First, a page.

NASHVILLE, Tenn. (AP) -- The Rev. Richard Land wants to stay above the shoutfest of American politics.
As head of the Southern Baptist Convention's public policy arm, Land has lobbied for a conservative agenda in Washington for almost 20 years. He knows some on the left might expect him to rant from the pulpit, but he's more inclined to a thoughtful discussion of the issues.
Yet his subtlety and intellect make some moderate and liberal critics consider him even more of a threat.
"His skill is to keep the SBC from being totally marginalized from American society," said David Key, director of Baptist Studies at Emory University's Candler School of Theology in Atlanta.
The 59-year-old Land has credentials as an intellectual and theologian, with degrees from Princeton and Oxford. He reads political biographies and Jane Austen - one of her six novels each year until he completes them all and starts again.
Like any lobbyist, he can talk in detail about bills before Congress and past political campaigns, but he also likes to talk about larger ideas.
In a recent interview with The Associated Press, Land said the Southern Baptists want to promote an American society - not necessarily a government - that "affirms and practices Judeo-Christian values rooted in biblical authority."
He acknowledges differences between liberals and conservatives, but said he doesn't think Americans are as politically divided as some might think. He has just finished a manuscript for a book called "The Divided States of America? What Conservatives and Liberals are Missing in the God-and-Country Shouting Match," due out next spring.
"My book is hopefully an equal opportunity offender," Land said. "I really try to expose what I think are some problems with some of the things conservatives say and some things liberals say and try to point the way forward to a new debate.
"I don't think we're as divided as Ann Coulter and Radio America would have you think."
Critics say Land gives the Southern Baptist Convention a reasonable face, even while arguing on behalf of extremely conservative positions on abortion and gay rights.
Southern Baptists, for instance, boycotted The Walt Disney Co. for years for offering benefits to partners of gay employees. They have also banned women pastors and declared that wives should "submit graciously" to their husbands.
"When the fundamentalists took over the SBC (in the late '80s), there were not that many people qualified to take on the various bureaucratic positions, and he was one of the few that could," Key said. "He could look sophisticated in the halls of power."
President of the SBC's Ethics & Religious Liberty Commission since 1988, Land has served on the U.S. Commission on International Religious Freedom since 2002, when President Bush appointed him. He was also recently elected to the Council on Foreign Relations.
Land met Bush in the late 1980s when he was working on his father's presidential campaign; the younger Bush promised Land a job if his father won. Land chose to lead the Ethics & Religious Liberty Commission instead, though the two remain friendly. Bush has spoken three times via videolink to the Southern Baptists in recent years.
But Land's close ties to the Bush administration haven't kept him from forging relationships with leaders on the other end of the political spectrum.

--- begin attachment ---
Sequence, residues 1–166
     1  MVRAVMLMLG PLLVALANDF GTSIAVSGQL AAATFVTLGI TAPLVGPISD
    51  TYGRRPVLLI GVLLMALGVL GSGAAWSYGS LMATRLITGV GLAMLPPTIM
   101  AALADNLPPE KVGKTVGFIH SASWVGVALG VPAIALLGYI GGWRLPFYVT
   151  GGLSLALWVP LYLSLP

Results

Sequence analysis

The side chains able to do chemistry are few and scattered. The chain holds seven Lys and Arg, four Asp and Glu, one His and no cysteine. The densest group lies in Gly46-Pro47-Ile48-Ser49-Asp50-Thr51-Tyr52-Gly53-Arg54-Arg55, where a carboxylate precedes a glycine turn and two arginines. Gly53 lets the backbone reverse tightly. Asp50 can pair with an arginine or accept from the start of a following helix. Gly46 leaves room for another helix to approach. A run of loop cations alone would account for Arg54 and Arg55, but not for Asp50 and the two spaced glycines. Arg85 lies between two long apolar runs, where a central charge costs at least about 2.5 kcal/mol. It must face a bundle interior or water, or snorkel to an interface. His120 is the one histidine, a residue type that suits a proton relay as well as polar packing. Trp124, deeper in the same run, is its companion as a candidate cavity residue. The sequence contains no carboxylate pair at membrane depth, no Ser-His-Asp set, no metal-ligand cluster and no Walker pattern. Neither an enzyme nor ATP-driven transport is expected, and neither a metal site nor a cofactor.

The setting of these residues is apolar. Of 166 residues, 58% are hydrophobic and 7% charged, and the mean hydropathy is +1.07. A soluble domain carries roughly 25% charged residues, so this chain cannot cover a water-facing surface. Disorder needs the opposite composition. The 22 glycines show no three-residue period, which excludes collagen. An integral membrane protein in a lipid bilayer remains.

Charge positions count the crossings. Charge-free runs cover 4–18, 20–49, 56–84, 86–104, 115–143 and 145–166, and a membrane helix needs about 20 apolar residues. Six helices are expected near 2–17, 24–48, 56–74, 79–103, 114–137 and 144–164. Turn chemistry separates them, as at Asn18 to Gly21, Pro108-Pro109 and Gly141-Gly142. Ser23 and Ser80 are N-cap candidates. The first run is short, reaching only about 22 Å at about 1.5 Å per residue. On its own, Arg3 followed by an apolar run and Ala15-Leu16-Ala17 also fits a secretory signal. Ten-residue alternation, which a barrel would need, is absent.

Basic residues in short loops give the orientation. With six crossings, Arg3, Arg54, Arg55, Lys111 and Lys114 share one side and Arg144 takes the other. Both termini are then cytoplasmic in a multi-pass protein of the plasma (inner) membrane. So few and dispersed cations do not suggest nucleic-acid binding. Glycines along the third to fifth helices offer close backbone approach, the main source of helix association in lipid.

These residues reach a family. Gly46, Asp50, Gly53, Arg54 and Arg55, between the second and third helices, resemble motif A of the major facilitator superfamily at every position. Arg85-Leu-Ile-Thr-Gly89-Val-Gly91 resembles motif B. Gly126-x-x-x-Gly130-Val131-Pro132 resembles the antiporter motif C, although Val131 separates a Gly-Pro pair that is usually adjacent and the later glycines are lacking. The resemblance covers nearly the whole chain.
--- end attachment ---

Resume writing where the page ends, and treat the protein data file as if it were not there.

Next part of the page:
"I've found it a very enlightening experience to have a really intellectual discussion with him," said former Secretary of State Madeleine Albright, who met Land last year at the Clinton Global Initiative and talked to him extensively about Southern Baptist life for her book, "The Mighty and the Almighty."
"I do think you learn a lot from people you don't agree with often," she said. "I find him a very thoughtful person who is very willing to discuss issues and listen."
Jerry Sutton, senior pastor of Two Rivers Baptist Church in Nashville, who ran for president of the SBC in June and lost, has known Land for nearly 28 years and said that Land will criticize conservatives if he thinks they're wrong.
"He's a very convictional guy," Sutton said. "He's never in his life played to the crowd. He doesn't take a public opinion poll and ask what will make everybody happy and please everybody.
"He realizes there's a major culture war going on. He's the kind of person who can articulate the conservative issues and basically not embarrass conservatives. Anytime I've heard him speak, it's been well-reasoned, well-thought through."
A Houston native, Land went to Princeton on a full scholarship to study history, psychology and religion. After graduating, he enrolled at New Orleans Baptist Theological Seminary and went on to earn a doctorate degree in theology from Oxford University.
He returned to Texas and taught theology and was later vice president for academic affairs at The Criswell College, a Southern Baptist college in Dallas.
Land became an administrative assistant to then-Texas Gov. Bill Clements in 1987.
He has a home in suburban Nashville with his wife Rebekah, but says he spends close to third of his time in Washington pushing the SBC's agenda. For the past year, he's served as interim pastor at Tusculum Hills Baptist Church in Nashville.
He also hosts a syndicated radio program, "Richard Land Live!" every Saturday on Salem Radio Network and XM Satellite Radio, in which he deals with current issues from a biblical perspective.
Land has written more than half a dozen books. He expects his latest to annoy some conservatives because he argues that America doesn't have a "special claim on God."
"I don't think we're God's chosen people," he said. "But we are a nation that's been uniquely blessed. As such, those blessings incur obligations and responsibilities.
"We don't have the right to impose freedom, but we do have an obligation to seek to share it and promote it. America is a nation and we do have interests but we also have a cause. And that cause is freedom."